clock menu more-arrow no yes mobile

Filed under:

The path to 500 for Aaron Judge and Giancarlo Stanton

500 career home runs is no small achievement, and the two sluggers could reach it in pinstripes.

Division Series - Cleveland Guardians v New York Yankees - Game Five Photo by Elsa/Getty Images

I was never good at drawing. As a result, in school when teachers would say to doodle on the back of a paper once you were done, I would list members of the 500 home run club instead. 500 is a satisfying number, and one that I like to think still has some meaning. It’s arbitrary, just like any other number, but the significance still looms in baseball. It draws fans, and becomes a leading conversation topic as player approaches it. The Yankees have two of this era’s premier power hitters in Aaron Judge and Giancarlo Stanton, and there is a fair chance both could reach the exclusive club in pinstripes.

As of now, there have been 28 players to notch 500 homers, five of which spent some time with the Yankees: Ruth, Mantle, Reggie, Sheffield, and A-Rod. Three of them hit their milestone homer while with the Yankees. With a lot of time left on their contracts, and plenty of good baseball left to play, Judge and Stanton have good chances of joining these various clubs.

We’ll go with seniority, and start with Stanton. As it stands, he’s tallied 378 big ones in his career, meaning he needs just 122 more to join the club. The big righty turned 33 in November, and appears to be exiting his prime. That being said, I have no doubt that he can be a productive hitter for a while still, and it’s not like he’s lost his trademark alien strength.

Over his career, Stanton has averaged just under 43 home runs per 162 games, impressive for someone with 13 years under his belt. The real roadblock for him, however, is staying on the field for anything close to 162. He hasn’t played in 150 games since 2018, and has only reached 140 games four times in his career.

Although everyone’s milestone chances were hindered by the shortened 2020 season, Stanton missed most of the 60 games anyway, and played even less in 2019, resulting in two largely lost years. He has five years remaining on his contract with the Yankees, and as time continues to roll on, moving him probably becomes less likely. It is safe to assume that this contract will bring him close to the end of his playing days, especially in New York.

Over those five years, he would need to average 24-25 dingers to get there. Not bad, especially for someone who’s hit 27 in a 74-game season. And in every year he’s played at least 100 games, he has launched at least 22. What would really help Stanton is having another 40+ homer season before the end of it, to help negate whatever time he’ll likely end up missing.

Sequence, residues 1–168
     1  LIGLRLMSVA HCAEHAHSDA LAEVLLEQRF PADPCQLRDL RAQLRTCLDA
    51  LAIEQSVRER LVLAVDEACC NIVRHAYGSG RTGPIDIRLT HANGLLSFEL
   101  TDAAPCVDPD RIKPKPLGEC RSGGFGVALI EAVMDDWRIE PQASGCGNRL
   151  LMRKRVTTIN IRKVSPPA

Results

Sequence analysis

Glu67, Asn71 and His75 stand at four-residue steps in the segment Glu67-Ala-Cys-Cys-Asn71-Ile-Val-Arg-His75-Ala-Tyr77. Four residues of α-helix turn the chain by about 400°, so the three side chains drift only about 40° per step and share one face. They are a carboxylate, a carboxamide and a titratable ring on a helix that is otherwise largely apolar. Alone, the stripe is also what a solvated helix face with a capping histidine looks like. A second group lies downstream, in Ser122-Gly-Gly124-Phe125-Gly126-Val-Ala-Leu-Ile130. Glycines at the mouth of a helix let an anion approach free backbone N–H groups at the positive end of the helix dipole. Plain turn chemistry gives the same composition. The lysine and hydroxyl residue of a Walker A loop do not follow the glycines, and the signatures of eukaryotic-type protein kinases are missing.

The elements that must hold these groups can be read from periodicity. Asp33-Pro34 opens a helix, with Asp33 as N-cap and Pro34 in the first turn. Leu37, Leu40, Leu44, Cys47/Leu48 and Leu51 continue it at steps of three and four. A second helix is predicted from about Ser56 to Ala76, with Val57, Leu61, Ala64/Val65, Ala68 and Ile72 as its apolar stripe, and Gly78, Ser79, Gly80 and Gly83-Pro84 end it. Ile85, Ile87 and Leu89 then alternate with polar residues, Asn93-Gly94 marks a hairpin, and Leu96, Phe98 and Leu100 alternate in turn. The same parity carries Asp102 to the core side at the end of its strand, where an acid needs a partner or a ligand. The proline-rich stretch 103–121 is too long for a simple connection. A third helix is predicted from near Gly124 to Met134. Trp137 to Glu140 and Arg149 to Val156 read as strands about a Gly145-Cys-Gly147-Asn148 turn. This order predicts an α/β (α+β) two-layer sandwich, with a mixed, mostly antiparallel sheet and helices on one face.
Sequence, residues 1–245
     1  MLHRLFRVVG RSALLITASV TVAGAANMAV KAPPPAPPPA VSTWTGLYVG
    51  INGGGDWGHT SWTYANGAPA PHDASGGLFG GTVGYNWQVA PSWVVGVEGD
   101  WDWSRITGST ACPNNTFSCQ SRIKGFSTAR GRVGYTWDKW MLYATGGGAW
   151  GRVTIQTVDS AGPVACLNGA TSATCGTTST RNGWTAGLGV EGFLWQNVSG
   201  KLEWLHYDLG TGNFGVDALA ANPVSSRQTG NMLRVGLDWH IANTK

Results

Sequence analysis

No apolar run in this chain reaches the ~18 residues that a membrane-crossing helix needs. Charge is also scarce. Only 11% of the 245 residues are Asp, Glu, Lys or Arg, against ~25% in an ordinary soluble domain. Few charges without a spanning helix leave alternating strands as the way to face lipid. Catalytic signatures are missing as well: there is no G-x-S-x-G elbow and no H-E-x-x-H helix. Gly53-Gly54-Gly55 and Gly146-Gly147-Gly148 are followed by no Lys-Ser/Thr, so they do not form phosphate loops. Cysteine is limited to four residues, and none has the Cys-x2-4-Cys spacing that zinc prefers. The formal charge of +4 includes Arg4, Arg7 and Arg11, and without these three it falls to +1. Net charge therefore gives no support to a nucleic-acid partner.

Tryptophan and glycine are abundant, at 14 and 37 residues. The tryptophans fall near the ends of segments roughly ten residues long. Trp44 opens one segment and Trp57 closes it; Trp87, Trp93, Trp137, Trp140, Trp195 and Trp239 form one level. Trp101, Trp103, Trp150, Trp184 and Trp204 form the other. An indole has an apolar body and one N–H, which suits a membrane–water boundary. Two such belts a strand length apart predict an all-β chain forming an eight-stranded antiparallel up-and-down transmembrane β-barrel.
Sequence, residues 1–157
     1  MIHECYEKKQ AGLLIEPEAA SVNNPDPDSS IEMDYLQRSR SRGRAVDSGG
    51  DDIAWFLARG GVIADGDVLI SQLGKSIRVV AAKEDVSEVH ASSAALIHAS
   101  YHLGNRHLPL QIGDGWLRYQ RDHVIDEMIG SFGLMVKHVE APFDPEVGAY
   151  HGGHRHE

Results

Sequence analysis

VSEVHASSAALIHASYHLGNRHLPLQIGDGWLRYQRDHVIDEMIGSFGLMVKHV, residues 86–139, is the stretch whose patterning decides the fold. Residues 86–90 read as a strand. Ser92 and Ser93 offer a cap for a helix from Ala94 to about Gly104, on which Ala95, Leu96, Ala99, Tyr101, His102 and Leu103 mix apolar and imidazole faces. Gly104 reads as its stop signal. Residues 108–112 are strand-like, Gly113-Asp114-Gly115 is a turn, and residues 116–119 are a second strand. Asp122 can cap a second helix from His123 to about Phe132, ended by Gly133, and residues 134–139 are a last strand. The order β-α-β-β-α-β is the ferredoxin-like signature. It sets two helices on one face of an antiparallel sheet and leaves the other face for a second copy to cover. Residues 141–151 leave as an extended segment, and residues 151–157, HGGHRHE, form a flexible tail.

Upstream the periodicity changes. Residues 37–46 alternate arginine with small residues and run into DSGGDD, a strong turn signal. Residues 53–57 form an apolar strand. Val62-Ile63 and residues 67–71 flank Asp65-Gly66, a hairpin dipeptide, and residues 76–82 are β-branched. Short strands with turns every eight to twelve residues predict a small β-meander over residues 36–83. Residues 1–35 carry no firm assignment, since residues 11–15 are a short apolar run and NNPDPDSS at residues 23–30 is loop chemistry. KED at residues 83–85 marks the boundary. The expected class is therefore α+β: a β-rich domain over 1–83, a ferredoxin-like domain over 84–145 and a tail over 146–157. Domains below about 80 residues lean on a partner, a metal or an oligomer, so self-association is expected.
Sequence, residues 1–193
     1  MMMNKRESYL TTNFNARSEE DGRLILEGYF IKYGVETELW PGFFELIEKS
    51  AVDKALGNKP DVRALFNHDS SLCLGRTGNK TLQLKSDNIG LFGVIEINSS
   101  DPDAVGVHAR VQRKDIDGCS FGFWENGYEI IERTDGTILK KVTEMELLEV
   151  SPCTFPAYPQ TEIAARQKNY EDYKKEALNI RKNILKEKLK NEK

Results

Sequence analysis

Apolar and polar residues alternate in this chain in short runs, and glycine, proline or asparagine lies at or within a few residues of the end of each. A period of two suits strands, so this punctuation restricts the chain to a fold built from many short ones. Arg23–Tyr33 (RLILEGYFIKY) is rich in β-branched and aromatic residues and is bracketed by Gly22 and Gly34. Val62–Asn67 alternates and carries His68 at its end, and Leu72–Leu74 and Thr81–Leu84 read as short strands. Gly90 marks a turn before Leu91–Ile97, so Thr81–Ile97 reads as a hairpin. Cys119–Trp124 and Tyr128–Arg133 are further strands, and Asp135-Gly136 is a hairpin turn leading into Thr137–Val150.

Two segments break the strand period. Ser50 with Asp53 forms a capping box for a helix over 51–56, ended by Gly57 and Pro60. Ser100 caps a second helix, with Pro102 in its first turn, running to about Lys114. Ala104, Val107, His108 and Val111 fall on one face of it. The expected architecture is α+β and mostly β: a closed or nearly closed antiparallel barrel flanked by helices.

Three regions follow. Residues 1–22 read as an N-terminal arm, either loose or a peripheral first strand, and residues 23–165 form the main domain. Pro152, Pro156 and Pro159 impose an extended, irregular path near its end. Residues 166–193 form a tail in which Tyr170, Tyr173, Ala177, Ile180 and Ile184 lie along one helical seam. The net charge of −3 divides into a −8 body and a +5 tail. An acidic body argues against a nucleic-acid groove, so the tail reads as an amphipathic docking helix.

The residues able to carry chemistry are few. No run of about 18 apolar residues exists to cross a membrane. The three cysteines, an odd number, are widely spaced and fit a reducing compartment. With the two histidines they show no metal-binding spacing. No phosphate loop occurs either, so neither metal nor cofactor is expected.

At this point, you probably can’t pencil him in for more than 120 games, but when he plays, he can still crush the ball like few else. If he can stay relatively healthy, or even just have a couple of full-ish seasons, 500 as a Yankee is well within reach.

Judge has a more interesting and complex path than his teammate. He’s still in the heart of his prime, and is coming off a AL-record 62 homers no less. But, he’ll be turning 31 in April, and didn’t start playing meaningful time until his age-25 season. He has made up for some lost time though, hitting 52 in his rookie year, and adding another 62 this past season.

As he heads into his 30s, he sits at 220 home runs, with 280 to go. He’s averaged an nearly 49 home runs per 162 games, and about 37 per year excluding his cup of coffee in 2016. Stanton has a head-start of over 150 home runs, but Judge has more time on his side.

The big right fielder also just signed a nine-year deal, ensuring a long future with the Yankees. Assuming he plays those years out, he would need to average a hair over 31 per year to reach 500 by the end of it. That is no small task over the course of a decade (especially in one’s 30s), but Judge would be the guy I’d pick to do it.

No. 99 can also reasonably do something few other can. That being racking up 150 over the course of three seasons, or something along those lines. We’ve already seen him break the rookie and the American League record, there’s not much he could do to surprise at this point. Judge is no stranger to otherworldly power runs, and if he can stay somewhat consistent and healthy, with a couple of big years in his prime, 500 is there for the taking.

Though it may be a random number, 500 home runs means a lot in baseball. Stanton and Judge are likely this era’s cream-of-the-crop when it comes to putting the ball over the fence, and we’re fortunate to watch them together in New York. As they play out their careers here, they’ll surely rack up milestones to our delight. And if they can stay healthy and produce at levels they’re more than used to, 500 could be just over the horizon for both of them.